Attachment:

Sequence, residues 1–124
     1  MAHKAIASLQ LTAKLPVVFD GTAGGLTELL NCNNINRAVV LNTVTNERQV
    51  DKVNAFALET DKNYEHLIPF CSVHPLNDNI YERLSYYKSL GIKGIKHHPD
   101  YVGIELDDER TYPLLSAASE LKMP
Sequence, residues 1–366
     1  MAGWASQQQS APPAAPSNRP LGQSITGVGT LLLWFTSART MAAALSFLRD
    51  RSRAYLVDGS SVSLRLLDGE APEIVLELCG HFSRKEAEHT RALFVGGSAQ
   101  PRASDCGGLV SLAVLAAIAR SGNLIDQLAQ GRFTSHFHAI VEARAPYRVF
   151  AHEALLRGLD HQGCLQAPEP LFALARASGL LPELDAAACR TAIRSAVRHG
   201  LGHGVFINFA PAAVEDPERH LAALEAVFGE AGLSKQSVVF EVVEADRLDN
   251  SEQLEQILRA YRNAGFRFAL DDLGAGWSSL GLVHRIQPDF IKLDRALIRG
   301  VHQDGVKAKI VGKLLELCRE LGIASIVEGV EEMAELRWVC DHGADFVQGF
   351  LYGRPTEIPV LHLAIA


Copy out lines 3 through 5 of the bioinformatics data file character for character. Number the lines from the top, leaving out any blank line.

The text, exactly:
    51  DKVNAFALET DKNYEHLIPF CSVHPLNDNI YERLSYYKSL GIKGIKHHPD
   101  YVGIELDDER TYPLLSAASE LKMP
Sequence, residues 1–366